I’ve often talked about why it’s often good to avoid carbs for breakfast, especially prior to a workout (and especially if you’re not doing any hard workout at all).
I sometimes get into the “science” of it, but I also often like to simply things by talking about how the human body evolved over 400,000 years.
Fridges were only invented 100 years ago, that’s less than 0.025% of human existence.
Bakeries and shops are a few hundred years old, again, far less than 1% of human existence.
The reason I’m saying this is because the human body evolved over 98% of its existence to function as follows:
Go hunt for food or walk around and gather food (expend energy)
THEN eat the food (replenish energy)
This is how our hormonal system has developed, especially hormones which control our metabolism and blood sugar levels: insulin and ghrelin.
The explosion of high carb breakfasts (which started with Mr. Kellogg’s cereal invention 120 years ago) plays a big part in today’s staggeringly high rise in Type II Diabetes and obesity.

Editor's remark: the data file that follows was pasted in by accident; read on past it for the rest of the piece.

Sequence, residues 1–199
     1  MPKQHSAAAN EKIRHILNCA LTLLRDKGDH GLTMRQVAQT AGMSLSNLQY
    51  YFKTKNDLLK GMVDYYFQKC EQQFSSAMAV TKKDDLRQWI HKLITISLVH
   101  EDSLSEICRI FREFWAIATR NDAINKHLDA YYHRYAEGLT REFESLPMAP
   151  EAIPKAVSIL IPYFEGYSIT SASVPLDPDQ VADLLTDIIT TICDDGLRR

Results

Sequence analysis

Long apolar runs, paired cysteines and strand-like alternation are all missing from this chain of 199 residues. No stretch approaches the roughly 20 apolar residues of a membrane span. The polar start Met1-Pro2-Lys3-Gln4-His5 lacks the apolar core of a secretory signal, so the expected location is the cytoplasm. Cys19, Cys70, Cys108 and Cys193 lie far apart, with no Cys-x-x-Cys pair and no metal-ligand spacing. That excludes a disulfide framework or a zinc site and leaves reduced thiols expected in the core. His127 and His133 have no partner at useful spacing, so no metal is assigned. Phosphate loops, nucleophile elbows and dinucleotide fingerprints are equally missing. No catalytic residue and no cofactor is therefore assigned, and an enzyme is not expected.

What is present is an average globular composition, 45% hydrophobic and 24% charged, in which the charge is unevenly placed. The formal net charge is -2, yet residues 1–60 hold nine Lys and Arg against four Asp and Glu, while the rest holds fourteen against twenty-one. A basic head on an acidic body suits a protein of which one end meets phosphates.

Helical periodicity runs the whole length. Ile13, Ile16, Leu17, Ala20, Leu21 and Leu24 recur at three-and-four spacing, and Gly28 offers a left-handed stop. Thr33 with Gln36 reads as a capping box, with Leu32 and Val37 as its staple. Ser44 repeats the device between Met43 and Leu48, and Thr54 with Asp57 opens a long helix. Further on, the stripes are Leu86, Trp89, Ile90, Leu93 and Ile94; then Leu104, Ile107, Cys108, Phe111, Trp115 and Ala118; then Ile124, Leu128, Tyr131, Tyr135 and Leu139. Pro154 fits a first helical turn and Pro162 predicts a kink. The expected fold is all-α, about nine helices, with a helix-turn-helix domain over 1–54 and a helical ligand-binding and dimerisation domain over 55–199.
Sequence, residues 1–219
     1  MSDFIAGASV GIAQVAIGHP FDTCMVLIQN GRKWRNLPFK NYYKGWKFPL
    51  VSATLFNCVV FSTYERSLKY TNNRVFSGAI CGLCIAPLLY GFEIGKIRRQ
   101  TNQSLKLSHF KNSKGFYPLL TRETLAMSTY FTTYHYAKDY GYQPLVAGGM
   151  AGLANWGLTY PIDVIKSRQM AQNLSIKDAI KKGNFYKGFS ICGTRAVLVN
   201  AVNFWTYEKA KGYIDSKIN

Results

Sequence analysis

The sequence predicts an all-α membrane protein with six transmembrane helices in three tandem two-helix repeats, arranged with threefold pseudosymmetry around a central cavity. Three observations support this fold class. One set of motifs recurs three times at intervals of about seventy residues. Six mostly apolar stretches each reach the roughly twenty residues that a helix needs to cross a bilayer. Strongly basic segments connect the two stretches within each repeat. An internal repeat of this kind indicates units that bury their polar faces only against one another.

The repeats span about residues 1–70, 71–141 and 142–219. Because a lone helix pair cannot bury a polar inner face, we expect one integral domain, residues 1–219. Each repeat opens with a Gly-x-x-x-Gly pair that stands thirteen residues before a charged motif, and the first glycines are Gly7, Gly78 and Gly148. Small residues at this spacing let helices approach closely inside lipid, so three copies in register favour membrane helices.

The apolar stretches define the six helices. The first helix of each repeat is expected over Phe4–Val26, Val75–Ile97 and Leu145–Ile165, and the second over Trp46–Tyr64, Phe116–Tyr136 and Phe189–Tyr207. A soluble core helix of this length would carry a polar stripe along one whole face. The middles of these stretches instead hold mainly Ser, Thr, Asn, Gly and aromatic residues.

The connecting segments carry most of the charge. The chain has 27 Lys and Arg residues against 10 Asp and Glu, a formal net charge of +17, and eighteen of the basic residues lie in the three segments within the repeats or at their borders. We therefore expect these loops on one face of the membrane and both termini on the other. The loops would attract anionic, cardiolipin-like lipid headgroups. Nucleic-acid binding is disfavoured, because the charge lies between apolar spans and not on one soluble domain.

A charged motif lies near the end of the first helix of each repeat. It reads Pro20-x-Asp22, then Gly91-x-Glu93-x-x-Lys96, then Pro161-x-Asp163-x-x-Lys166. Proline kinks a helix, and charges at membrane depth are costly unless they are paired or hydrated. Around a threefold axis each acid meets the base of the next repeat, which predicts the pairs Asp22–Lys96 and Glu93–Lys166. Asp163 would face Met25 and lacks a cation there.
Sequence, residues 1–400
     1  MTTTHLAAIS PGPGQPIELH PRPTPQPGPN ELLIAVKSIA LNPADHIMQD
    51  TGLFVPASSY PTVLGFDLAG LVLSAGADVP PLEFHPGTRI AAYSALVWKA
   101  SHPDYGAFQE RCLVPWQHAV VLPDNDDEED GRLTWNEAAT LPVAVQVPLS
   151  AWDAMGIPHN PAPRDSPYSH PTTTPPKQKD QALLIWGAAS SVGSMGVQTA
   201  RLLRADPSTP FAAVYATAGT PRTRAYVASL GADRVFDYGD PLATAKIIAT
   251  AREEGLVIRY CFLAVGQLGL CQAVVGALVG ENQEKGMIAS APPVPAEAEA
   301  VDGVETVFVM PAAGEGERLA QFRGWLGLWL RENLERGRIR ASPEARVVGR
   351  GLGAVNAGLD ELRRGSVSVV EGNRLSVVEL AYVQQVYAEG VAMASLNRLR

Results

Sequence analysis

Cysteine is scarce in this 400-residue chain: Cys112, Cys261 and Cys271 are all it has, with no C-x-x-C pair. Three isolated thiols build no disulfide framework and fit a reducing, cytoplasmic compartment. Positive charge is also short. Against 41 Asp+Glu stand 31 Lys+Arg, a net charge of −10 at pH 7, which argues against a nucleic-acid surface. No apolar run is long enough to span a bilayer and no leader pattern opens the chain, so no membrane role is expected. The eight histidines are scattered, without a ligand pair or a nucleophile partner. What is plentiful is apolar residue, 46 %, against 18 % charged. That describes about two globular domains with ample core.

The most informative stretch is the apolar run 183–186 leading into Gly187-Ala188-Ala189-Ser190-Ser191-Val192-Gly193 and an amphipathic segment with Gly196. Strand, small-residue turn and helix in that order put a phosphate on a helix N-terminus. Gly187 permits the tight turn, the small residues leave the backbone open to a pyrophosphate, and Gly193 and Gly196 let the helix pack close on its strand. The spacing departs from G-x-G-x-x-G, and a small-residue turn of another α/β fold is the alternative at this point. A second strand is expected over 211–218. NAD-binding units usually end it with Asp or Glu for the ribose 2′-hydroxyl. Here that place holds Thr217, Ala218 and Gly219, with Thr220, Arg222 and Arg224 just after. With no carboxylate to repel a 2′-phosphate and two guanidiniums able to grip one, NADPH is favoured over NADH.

In fact, a new study published in the American Journal of Clinical Nutrition has provided even further evidence that carbs at breakfast is a bad idea.
They took a group of adults with Type II Diabetes (the kind of Diabetes that’s acquired as an adult because of a high carb diet and little exercise).
They split the group into 2 groups: both groups had the same lunch and dinner, but breakfast was different.
Group 1: low carb high fat breakfast: less than 10% of calories from carbs, 15% protein, rest fat.
Group 2: “recommended diet by nutritionists”: 55% from carbs, 30% from fat, 15% from protein.
What they discovered was clear:
Group 1’s blood sugar measurements were lower than Group 2 right after breakfast, during the rest of the day, and even 24 hours later!
Group 1’s level of hunger before dinner was lower than Group 2
The results of this study provide further evidence that having too many carbs at breakfast is simply bad for your health.
The only exception I would have here is the following: if you’re a hard charging athlete and you just did a hard workout and depleted your glycogen (carbs) stores, you would want to have some carbs to replenish those reserves and be ready for your second workout (but don’t overdo it).
When I review blood test results for “elite” amateur athletes, I’m always surprised at how many have high blood sugar (or high insulin levels / HOMA).
Stay healthy and fit!